What’s A Power of Attorney?

Filed Under Per Diem Legal Services · Tagged:  

You are sick with a chronic health condition. You have been told by a number of people that you should create a Power of Attorney. But you have no idea what a Power of Attorney is. A Power of Attorney is a document authorizing another person to act on your behalf. The person who actually signs the power of attorney is called the Principal.  The one who gets the legal authority over the other person is called the Agent or Attorney-in-Fact.  The agent can make property, financial and other legal decisions on behalf of the principal. In order for it to be valid, you must be mentally competent when signing Power of Attorney.

The three types of power of attorney are nondurable, durable and springing.  The differences are as follows:

  • “Nondurable” is used often for transactions like the closing on a home or handling the Principal’s financial affairs, accounts, etc. while the Principal is traveling outside the country and isn’t able to.
  • “Durable” gives power to the Agent to act on the Principal’s behalf even after the Principal is no longer mentally capable or physically able to make decisions for themselves.  This power of attorney is in effect until it’s taken away by the Principal or until the death of the Principal.
  • “Springing” power of attorney comes into effect later in time, not immediately.  It “spring up” after a certain event happens, for example, if the Principal can longer act on their own will or if they have some kind of mental issue that hinders their decisions making. 

How do you get power of attorney now that you know what it is?  First of all, as far as New York goes, you need to have it in writing.  You don’t have to write it yourself, but it has to be written.  The best suggestion would be a lawyer who specializes in writing them, so that way you are sure you are getting proper documentation.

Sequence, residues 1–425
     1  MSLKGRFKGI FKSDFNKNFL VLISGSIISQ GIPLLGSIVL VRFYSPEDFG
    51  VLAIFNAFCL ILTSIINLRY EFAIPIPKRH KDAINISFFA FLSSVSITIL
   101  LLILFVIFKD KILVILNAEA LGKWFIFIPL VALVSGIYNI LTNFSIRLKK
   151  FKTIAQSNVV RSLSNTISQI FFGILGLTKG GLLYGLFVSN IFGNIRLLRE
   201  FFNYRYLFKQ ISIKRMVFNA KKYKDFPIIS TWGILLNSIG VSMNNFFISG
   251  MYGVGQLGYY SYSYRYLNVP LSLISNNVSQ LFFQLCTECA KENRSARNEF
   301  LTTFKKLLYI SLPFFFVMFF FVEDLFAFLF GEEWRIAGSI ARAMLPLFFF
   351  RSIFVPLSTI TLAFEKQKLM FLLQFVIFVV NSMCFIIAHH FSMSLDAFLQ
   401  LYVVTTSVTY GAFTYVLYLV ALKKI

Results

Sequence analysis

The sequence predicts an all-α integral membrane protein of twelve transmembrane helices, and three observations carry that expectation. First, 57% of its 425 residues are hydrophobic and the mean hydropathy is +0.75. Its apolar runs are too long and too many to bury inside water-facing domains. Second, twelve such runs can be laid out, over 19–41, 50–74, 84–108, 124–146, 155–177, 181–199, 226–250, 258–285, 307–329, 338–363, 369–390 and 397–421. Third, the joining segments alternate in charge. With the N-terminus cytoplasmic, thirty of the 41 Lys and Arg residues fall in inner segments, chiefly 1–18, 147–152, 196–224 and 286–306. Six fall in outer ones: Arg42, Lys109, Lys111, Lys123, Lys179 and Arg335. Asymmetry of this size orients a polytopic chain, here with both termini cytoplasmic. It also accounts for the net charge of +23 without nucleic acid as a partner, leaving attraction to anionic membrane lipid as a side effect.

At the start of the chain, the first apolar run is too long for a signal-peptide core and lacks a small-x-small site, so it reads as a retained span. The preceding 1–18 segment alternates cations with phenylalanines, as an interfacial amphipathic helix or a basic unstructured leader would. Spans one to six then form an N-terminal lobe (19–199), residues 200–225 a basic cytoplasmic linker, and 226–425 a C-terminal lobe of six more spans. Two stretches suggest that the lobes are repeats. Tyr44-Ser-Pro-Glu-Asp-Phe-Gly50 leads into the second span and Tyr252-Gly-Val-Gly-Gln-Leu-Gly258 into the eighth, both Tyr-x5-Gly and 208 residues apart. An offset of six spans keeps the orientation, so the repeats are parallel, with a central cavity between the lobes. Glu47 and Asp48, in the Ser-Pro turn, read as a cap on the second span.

Next, you must name the parties who are involved (Principal and Agent).  You must write down all the names of those involved.  Then, it has to be dated and signed.  Both the Principal and Agent must sign the document.  You must have permission by the Principal to put their signature; it cannot be forged or used without their knowledge, since this is illegal and you will end up in jail. 

The last few things that need to be done are the terms of durability and the list of powers.  New York law assumes that all powers are durable unless you state that they aren’t. So if this isn’t what you want, and you want the powers to terminate when the Principal is incapacitated, then you must write that in.  The powers listed are either limited or general, which you also need to specify in the power of attorney.

Are you in need of an attorney to set up your power of attorney in or around Orange County, NY?  Give our law offices a call today.  We serve the following areas:  Hudson Valley, NY including Orange County, Sullivan County, Dutchess County, and Ulster County.